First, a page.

…….but it’s very hard to wrap.
Gladstone real estate agent Sonya Robson’s brother needs a kidney.
After exhaustive testing was carried out on both siblings over the past few months, this week they received the fantastic news that Sonya is a donor match. Transplant surgery will take place in January.
While losing one of your major organs might sound like bad news, Sonya is overjoyed at the prospect of gifting her brother a new lease on life:
“Scot was involved in a pretty horrific car accident when he was 19 and his kidneys were very badly damaged by the trauma. Our other brother suffered brain damage in the same accident,” she said.
“I’d offered a few times in the past,” Sonya said. “Several times I’ve said: “Let’s not worry about it, I’ll give you one of mine.”
“He’d never really took my offer seriously until he was at the point of being desperate, and he still hasn’t managed to find a kidney that’s a match, so he asked if the offer was still there,” she said.
Scot Richardson lives in Melbourne where he can be close to the to the hospital where he currently undergoes dialysis three times per week for up to six hours per session.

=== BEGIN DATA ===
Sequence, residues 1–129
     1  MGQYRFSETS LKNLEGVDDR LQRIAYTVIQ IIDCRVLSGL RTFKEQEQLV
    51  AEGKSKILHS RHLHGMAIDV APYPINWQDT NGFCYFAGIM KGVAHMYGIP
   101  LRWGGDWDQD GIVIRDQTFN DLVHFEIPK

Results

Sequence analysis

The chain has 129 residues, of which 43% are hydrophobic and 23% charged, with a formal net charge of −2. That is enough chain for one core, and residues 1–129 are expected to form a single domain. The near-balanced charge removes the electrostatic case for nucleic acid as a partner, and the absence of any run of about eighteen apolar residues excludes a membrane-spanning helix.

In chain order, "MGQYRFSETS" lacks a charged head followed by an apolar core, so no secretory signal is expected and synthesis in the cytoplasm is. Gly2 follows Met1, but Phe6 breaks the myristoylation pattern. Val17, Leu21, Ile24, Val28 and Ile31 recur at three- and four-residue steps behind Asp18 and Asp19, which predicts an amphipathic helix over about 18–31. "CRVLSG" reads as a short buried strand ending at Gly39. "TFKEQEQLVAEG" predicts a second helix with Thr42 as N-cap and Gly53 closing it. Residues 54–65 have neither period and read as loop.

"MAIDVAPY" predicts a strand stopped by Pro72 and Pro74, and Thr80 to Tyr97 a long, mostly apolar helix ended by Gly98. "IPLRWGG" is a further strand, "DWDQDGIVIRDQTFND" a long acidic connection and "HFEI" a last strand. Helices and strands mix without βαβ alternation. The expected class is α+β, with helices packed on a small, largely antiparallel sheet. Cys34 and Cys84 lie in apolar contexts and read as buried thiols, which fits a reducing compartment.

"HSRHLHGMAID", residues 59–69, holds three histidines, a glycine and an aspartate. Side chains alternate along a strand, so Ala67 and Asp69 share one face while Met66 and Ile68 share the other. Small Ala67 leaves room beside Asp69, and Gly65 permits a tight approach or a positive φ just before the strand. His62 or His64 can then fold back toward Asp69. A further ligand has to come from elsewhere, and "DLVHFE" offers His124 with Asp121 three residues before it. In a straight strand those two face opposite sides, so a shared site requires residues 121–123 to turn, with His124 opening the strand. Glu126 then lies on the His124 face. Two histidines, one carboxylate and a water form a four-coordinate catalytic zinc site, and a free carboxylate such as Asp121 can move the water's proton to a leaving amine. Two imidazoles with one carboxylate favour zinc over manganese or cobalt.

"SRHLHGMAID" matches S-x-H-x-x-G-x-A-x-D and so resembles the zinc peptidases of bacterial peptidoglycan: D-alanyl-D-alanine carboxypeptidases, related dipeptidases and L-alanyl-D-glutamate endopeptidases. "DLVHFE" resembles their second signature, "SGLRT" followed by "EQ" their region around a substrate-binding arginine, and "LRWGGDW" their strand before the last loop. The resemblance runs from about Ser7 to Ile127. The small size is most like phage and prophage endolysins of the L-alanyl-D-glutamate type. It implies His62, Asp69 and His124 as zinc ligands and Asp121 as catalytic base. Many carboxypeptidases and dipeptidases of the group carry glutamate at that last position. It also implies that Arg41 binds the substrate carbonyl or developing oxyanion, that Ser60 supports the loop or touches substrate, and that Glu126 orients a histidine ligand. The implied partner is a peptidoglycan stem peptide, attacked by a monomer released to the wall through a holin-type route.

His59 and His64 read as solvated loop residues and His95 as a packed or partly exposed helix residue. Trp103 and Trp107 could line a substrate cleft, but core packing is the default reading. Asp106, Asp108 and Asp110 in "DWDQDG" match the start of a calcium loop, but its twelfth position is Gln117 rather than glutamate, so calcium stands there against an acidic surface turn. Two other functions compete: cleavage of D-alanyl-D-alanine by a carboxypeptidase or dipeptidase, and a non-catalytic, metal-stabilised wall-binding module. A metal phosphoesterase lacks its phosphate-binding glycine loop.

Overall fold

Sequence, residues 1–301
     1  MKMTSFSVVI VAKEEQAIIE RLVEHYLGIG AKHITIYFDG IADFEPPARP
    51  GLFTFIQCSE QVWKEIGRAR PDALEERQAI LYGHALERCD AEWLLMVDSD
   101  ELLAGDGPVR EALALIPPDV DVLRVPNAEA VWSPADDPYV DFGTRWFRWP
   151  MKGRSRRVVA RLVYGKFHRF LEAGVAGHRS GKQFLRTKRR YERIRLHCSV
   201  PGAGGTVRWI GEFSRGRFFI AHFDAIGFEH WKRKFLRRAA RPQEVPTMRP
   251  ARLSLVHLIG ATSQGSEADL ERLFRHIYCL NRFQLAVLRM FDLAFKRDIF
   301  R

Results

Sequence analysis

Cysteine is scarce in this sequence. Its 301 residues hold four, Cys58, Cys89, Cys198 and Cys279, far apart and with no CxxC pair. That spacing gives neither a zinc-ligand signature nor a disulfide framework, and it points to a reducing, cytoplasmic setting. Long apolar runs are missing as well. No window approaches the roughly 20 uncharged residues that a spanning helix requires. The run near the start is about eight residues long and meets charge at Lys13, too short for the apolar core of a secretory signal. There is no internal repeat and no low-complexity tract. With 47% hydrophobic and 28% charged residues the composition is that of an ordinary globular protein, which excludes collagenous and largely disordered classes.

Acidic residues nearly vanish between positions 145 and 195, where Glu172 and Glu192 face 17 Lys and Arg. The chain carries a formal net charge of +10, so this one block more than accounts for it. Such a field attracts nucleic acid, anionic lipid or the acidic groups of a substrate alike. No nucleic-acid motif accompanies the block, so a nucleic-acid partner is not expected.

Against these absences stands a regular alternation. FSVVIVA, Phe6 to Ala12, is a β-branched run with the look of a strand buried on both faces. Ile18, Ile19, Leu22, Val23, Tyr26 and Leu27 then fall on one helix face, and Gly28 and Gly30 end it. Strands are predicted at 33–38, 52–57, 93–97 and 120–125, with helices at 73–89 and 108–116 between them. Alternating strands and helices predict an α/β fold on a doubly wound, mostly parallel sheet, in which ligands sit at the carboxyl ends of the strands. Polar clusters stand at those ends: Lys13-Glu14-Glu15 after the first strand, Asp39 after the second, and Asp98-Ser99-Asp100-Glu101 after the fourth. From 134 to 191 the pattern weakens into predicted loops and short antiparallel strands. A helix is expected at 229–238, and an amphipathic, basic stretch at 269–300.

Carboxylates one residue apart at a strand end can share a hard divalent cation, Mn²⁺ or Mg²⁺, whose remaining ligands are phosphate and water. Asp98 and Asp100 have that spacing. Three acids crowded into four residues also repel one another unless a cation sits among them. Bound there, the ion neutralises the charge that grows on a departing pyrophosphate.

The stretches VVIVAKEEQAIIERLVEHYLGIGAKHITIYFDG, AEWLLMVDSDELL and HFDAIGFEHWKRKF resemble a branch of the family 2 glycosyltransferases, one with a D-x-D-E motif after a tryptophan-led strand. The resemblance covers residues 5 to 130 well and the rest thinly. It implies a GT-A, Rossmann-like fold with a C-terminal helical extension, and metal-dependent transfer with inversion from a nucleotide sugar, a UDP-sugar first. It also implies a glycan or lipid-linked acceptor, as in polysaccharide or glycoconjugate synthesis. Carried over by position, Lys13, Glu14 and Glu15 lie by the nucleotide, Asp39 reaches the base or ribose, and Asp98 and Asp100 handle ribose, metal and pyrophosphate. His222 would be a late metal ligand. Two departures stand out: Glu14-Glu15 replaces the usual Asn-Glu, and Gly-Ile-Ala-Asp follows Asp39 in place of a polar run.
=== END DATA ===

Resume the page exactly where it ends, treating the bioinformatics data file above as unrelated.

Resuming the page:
While kidney patients have been known to live for years on dialysis, where the normal work of the kidneys – removing blood and toxins from the body – is replaced by a machine, Sonya said the limits it places on Scot’s life are heartbreaking:
“I still needed to consider what the repercussions would be for me – I’m a mother, I have three children and I did consider what would happen if I need that kidney sometime down the track,”
“But in the end the decision was a no-brainer – he’s only just turned thirty. What if he doesn’t find that kidney and his life is left less fulfilling because of it?” she said.
“He’s just married now too (to wife Chanel) and they’d love to have children, but they don’t want to have children not knowing what his condition would be or how long he’ll be around for,” Sonya said.
She said Scot’s biggest concern is that Sonya will donate her kidney but the organ will be rejected:
“It will be a very long and hard road – my brother is aware of that, and he is also very aware that it may not take. If it doesn’t work, that’s a risk I’m willing to take. Nothing ventured, nothing gained.
The family are staying positive: “It’s his birthday on the 1st of January – I said to him this time next year you’ll be able to have a proper celebration, you’ll feel fantastic.”
Her experience has made her a strong advocate of organ donation: “I used to think “I’ve ticked that box on my driver’s licence” but it’s just not enough, and I didn’t know that until now,” she said.
“The amount of people you can save, by making it clear that you’d like to be a donor, is incredible.
Gladstone News will follow up with Scot and Sonya in January when the transplant surgery has taken place.